• Chinese think tank warns US it will emerge as loser in trade war – interesting counterpoint at the end of the article.
  • Shenzhen is getting the world’s second tallest building.

Have a good weekend!

The Man Who Makes Your iPhone

Fascinating article on Terry Gou (which is an incorrect romanization for his family surname, 郭, the pinyin should be Guo, not Gou), the founder of Foxconn.

The article spends a good deal of time talking about the recent suicides at Foxconn, which were tragic and not to be dismissed. I did not blog about the suicides at the time, but it occurred to me when I read this article that at roughly 900,000 employees, Foxconn has a larger “population” than the following US states:

  • Alaska (149 / 681,111)
  • South Dakota (102 / 795,689)
  • Wyoming (101 / 523,252)
  • Delaware (95 / 861,953)
  • North Dakota (95 / 637,904)
  • Vermont (89 / 620,748)

You’ve probably figured out that the first number is the number of suicides, the second the state’s population (2007 data from the American Foundation for Suicide Prevention). Frankly, we should be surprised there were not more than 12 suicides, just given the sheer density of the living and working conditions. Or maybe that helped prevent them? Lack of privacy denies you the opportunity or provides something of a support structure whether you like it or not?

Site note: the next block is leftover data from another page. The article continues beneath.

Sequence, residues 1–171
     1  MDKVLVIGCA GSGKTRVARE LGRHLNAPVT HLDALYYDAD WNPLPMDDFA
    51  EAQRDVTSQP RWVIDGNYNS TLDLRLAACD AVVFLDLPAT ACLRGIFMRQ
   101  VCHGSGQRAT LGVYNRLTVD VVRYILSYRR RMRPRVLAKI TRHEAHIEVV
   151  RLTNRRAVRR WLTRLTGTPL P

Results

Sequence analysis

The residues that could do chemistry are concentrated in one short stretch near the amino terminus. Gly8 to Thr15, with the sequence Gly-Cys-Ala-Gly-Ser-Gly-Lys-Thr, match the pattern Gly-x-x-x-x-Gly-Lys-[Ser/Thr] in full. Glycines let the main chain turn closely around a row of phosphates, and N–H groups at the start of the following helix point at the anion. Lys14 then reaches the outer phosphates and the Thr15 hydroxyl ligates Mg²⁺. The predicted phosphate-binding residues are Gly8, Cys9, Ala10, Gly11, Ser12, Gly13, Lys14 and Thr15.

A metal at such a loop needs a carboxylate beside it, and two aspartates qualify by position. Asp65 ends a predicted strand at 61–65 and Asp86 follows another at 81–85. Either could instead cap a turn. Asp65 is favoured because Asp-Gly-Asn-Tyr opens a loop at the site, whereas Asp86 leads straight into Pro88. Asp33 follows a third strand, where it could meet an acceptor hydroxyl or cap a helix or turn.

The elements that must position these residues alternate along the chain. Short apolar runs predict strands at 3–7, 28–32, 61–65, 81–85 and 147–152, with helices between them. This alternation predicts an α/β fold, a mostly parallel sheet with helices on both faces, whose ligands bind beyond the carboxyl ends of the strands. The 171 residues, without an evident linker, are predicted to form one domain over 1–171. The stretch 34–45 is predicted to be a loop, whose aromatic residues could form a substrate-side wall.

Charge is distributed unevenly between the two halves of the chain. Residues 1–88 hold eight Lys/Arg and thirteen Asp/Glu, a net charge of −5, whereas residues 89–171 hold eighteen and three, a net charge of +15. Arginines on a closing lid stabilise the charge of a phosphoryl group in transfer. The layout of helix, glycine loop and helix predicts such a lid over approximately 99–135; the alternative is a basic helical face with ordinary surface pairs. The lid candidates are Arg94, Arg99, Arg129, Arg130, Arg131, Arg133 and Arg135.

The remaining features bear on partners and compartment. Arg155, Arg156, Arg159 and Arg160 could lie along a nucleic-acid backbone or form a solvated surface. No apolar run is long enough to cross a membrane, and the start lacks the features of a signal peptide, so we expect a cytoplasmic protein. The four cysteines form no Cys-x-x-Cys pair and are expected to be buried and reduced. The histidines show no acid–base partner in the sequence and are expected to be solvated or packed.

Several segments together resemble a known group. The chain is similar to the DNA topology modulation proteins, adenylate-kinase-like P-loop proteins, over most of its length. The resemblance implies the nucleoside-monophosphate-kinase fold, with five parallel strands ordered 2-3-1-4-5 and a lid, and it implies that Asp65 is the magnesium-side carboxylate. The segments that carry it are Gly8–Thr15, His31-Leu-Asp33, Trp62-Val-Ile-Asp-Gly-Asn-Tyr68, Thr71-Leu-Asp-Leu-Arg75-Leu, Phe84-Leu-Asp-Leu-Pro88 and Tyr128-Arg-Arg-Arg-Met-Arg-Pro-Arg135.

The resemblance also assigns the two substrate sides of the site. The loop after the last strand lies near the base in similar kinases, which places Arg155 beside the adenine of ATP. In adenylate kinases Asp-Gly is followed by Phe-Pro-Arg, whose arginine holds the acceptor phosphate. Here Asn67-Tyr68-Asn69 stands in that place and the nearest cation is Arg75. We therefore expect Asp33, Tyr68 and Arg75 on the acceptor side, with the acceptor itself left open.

Anyway, money ‘graph:

Gou has plans to capitalize on the changes he has wrought. Perhaps most intriguing is his plan to move additional production to the U.S. The company currently employs about 1,000 workers in a Houston plant that makes specialized high-end servers for corporate clients the company declined to disclose, and Gou envisions a fully automated plant to produce components within five years. “If I can automate in the U.S.A. and ship to China, cost-wise it can still be competitive,” he says. “But I worry America has too many lawyers. I don’t want to spend time having people sue me every day.”

I’ve said it before and I’ll say it again – bean counters, lawyers and @$$hat corporate buyers took all the fun out of US manufacturing and along with unions have done their damnedest to destroy what was left.

Anyway, enjoy the article about the “new Henry Ford”, and say a prayer for the departed.